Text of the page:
That encounter marked the beginning of the turbulent relationship as narrated by both Tecra’s househelp and personal driver who witnessed how unstable the relationship was.
Anne Waithera, who was Tecra’s househelp, painted Omar as a domineering person who did not want to associate with her lover’s family but depended on her money to entertain his own family and friends from Lamu.
“He was very violent and wanted to control everything Tecra did, including deciding who would meet her on any day.
“He also didn’t want Tecra’s family and when she invited her parents to come and meet them in Naivasha, Omar escaped and went to hide in a bush until sunset,” she said.
Tecra’s driver, Eric Cheruiyot, testified that he almost fought with Omar while they were on a trip to Dar es Salaam as Omar became aggressive, abusive and bullied anyone who came close to Tecra.
Cheruiyot said he saw it all from the time the romance started in Lamu; how it evolved into escapades that took them to various scenic sites and resorts in Kenya, Tanzania and Zanzibar before ending in a tragic fall and Tecra’s death in a Nairobi hospital.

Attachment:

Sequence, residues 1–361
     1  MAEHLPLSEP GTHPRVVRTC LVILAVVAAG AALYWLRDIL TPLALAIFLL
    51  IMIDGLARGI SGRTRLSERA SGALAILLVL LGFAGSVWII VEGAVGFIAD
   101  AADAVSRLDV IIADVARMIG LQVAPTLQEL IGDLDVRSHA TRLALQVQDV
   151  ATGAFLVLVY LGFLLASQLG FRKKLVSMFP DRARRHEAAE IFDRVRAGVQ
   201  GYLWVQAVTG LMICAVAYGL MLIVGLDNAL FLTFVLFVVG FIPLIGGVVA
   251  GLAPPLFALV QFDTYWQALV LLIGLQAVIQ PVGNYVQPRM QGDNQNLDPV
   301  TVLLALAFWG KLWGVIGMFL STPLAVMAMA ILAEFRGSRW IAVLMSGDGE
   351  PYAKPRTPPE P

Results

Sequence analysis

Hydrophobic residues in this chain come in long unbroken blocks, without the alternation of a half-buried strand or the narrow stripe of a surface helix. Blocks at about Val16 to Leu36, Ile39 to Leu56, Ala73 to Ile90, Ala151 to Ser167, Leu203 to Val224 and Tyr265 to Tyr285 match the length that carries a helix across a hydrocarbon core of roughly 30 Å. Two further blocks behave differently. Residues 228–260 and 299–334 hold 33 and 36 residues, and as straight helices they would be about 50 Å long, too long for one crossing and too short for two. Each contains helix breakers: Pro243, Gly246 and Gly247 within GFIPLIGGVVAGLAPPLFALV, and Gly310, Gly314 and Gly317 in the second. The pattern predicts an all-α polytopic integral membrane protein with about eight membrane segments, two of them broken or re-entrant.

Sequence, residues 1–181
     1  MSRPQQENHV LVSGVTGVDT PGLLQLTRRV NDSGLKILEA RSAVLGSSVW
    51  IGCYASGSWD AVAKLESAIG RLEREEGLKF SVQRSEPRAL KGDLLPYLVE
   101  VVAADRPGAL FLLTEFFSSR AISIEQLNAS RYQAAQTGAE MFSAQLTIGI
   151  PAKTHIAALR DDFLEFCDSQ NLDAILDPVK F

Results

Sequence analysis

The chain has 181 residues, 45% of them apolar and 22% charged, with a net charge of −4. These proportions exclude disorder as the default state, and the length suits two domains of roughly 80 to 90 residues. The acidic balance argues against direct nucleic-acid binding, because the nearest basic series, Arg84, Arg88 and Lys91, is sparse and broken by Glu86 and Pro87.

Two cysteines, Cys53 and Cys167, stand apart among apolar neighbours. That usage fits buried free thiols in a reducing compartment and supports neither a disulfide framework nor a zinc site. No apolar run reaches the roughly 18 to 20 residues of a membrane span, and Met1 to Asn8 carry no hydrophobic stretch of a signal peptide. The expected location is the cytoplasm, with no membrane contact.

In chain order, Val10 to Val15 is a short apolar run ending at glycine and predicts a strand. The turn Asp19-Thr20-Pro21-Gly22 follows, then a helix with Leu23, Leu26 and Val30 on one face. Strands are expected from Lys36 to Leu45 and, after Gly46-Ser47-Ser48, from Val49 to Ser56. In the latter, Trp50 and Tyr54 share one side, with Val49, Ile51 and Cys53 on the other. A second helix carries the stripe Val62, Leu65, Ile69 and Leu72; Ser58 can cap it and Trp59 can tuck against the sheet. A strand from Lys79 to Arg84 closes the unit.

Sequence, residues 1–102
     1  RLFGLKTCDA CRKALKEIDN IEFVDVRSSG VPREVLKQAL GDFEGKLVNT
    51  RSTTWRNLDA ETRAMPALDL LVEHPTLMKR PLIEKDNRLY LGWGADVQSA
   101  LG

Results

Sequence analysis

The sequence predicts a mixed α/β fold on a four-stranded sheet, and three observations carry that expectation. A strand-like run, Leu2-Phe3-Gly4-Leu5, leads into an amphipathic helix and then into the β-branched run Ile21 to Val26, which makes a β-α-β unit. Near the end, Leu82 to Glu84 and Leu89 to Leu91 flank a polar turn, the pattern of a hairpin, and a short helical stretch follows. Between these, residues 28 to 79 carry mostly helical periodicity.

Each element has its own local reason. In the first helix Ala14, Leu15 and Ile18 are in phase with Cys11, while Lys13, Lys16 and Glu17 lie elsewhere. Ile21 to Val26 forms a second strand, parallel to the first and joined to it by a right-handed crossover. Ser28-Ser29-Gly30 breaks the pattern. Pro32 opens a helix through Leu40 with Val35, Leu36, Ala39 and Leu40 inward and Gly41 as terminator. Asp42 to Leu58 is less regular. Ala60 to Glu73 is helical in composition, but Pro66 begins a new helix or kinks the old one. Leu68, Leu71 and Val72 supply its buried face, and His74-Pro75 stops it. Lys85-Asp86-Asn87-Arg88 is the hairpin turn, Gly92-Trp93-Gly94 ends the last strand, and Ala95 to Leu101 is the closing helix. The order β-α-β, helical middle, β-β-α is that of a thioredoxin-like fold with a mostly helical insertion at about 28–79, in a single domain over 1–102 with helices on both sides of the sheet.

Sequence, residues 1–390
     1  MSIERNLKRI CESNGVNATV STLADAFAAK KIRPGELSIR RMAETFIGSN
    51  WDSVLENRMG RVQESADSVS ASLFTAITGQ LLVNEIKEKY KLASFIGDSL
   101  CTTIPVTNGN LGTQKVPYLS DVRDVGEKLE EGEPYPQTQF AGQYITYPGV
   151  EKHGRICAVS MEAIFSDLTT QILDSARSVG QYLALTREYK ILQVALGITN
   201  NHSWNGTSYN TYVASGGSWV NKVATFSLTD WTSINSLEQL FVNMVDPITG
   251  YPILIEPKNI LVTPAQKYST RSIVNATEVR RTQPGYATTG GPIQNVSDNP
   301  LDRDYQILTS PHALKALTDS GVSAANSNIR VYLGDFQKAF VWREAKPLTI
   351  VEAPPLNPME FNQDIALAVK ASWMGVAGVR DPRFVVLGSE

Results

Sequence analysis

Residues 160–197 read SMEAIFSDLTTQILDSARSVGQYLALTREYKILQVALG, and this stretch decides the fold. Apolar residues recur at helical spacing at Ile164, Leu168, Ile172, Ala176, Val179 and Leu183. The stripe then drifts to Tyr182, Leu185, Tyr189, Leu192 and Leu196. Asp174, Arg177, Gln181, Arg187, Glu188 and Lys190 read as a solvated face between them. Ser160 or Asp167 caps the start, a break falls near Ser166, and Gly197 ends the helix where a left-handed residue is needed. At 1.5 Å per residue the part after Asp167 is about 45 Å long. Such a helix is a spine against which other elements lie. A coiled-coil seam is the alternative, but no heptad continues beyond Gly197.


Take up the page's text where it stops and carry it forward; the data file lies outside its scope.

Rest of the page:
“Tecra would try to cool him down but he became very angry and started abusing her. I confronted him and told him that he could not abuse my boss in my presence but he turned on me with threats that he would do something bad to me,” he said.
According to Cheruiyot, he was the one who at times was given money to send to Tecra through Omar’s phone but the man would keep the cash and keep his lover in the dark.
Mrs Karanja also testified that in eight months, her daughter had transferred more than Sh1.2 million to Omar’s account through bank and mobile money services. She was also showering him with gifts, drinks and holiday trips.
According to the Keroche Breweries founder, it was strange that her daughter was sending money to someone who had not worked for it, something she had never done before.
“This was very suspicious given that Omar was old and Tecra was very young. It would have been vice-versa, for him to send her money.
“And if Tecra was the one giving him money, then there was something very wrong with their relationship,” said Mrs Karanja.
Tecra’s brother, James, and his girlfriend, Victoria Marcella, said they tried to separate Tecra from Omar but failed.
According to James, Omar might have used charms and magic on his sister given she had ‘good taste’ in friends based on her past relationships. He was surprised that she had fallen for Omar who was not her type.
Marcella testified that it was not a typical relationship because Omar did not care about Tecra. She revealed that she disagreed with him and told him he was an old man who was not fit for her prospective sister-in-law.
The first round of the inquest ended with the magistrate summoning Omar to appear during the next proceedings on May 4. The reason given was that his name was adversely mentioned by the witnesses.